Manchester Art Gallery hosts a free event using Ira Aldridge as inspiration for discussions around art, language and history

If you’ve followed the Belgrade’s work closely over the last few years, you may already be familiar with the story of Ira Aldridge, an African-American actor who travelled to England in the 1820s, and made his name at a time when slavery was still widespread throughout the British Empire.

In 1828, Aldridge came to Coventry, where he made such an impression on the community that he was made manager of the Coventry Theatre, becoming the country’s first theatre manager of colour before he had even reached the age of 21.

As well as being honoured with a blue plaque and a special event co-run by the Belgrade and the University of Warwick in 2017 (150 years after his death), Aldridge also became the inspiration for “Handing over the Keys”, our major project for Coventry’s year as City of Culture, which will see three Co-Artistic Directors take over our programme of home-produced work for 2021.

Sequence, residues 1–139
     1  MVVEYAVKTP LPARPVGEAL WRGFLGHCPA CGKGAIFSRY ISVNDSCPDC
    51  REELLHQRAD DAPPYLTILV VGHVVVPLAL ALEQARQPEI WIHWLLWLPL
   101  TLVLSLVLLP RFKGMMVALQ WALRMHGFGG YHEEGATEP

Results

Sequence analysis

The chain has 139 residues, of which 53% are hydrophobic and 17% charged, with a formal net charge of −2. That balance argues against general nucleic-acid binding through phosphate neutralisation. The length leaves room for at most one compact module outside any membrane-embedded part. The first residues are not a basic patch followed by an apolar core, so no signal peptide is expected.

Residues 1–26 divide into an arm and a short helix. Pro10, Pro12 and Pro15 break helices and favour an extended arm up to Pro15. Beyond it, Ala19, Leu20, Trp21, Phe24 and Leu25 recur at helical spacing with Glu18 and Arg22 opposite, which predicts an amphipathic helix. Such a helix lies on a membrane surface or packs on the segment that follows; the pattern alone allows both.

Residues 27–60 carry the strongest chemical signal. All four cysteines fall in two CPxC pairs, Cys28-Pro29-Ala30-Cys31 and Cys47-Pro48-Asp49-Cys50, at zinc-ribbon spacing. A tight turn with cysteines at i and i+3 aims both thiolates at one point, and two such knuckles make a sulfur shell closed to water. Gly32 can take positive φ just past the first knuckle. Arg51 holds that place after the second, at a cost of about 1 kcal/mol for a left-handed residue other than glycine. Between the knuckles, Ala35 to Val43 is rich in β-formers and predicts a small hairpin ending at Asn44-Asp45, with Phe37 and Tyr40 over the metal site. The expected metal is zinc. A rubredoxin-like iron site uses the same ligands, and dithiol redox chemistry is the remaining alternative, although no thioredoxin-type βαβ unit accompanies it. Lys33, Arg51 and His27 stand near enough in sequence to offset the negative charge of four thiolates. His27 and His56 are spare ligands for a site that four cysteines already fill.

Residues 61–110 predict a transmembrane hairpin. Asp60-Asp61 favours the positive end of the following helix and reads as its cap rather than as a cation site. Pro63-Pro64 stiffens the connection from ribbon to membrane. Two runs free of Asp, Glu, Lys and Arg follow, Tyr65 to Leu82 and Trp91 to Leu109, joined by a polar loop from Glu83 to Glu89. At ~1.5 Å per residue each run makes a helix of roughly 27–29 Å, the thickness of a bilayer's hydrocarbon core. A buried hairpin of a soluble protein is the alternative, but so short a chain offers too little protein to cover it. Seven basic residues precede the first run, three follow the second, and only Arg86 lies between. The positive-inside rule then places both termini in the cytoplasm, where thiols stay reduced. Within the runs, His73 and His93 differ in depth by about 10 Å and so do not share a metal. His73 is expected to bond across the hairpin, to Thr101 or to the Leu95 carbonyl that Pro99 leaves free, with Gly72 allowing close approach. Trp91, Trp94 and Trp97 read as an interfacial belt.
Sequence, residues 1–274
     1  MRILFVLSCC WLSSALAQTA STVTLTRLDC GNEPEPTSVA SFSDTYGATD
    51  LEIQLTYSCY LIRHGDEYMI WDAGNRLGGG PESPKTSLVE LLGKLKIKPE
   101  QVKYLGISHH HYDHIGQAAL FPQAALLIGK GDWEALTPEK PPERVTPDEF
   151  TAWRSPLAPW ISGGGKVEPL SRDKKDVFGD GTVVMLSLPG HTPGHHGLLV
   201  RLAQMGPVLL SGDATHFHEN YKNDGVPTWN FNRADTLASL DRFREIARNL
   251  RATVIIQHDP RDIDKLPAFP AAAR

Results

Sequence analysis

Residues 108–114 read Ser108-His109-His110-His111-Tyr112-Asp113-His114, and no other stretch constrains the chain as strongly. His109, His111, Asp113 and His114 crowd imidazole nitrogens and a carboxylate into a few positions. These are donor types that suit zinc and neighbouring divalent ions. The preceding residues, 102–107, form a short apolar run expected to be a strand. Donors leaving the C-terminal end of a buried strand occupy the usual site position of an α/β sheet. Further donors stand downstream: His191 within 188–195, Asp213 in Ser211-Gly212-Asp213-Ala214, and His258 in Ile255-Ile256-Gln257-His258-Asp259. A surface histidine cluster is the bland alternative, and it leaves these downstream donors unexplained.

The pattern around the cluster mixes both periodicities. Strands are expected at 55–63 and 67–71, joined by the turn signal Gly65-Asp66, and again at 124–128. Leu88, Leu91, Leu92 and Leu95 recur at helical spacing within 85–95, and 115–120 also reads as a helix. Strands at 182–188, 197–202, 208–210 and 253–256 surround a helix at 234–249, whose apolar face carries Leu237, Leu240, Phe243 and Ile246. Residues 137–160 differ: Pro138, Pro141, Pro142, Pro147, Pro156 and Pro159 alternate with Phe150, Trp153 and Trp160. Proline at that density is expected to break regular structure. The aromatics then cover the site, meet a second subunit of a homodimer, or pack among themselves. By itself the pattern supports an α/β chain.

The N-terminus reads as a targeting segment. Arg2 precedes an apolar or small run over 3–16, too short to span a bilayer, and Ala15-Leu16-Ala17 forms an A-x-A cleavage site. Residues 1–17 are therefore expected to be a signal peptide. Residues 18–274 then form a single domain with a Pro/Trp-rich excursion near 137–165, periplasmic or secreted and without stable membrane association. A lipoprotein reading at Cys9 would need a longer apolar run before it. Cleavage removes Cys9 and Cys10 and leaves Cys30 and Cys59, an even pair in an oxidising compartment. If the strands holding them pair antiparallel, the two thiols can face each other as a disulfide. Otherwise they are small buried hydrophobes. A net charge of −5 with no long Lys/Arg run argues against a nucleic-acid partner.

The project aims both to address the issue of inequality in arts leadership, providing young, diverse creatives with an opportunity to lead a major producing theatre, and also to refresh the theatre’s creative programme by introducing new voices and perspectives. You can find out more about the initiative here, or listen to our first Locked In podcast with our Co-Artistic Directors here.

At the Belgrade, we feel strongly that Aldridge’s story is an important part of our history and heritage in Coventry – a city that has long prided itself on its diversity and internationalism, from its pioneering twin cities project leading the drive for reconciliation in the aftermath of the Second World War, to the flourishing of the 2-Tone movement in the 1980s.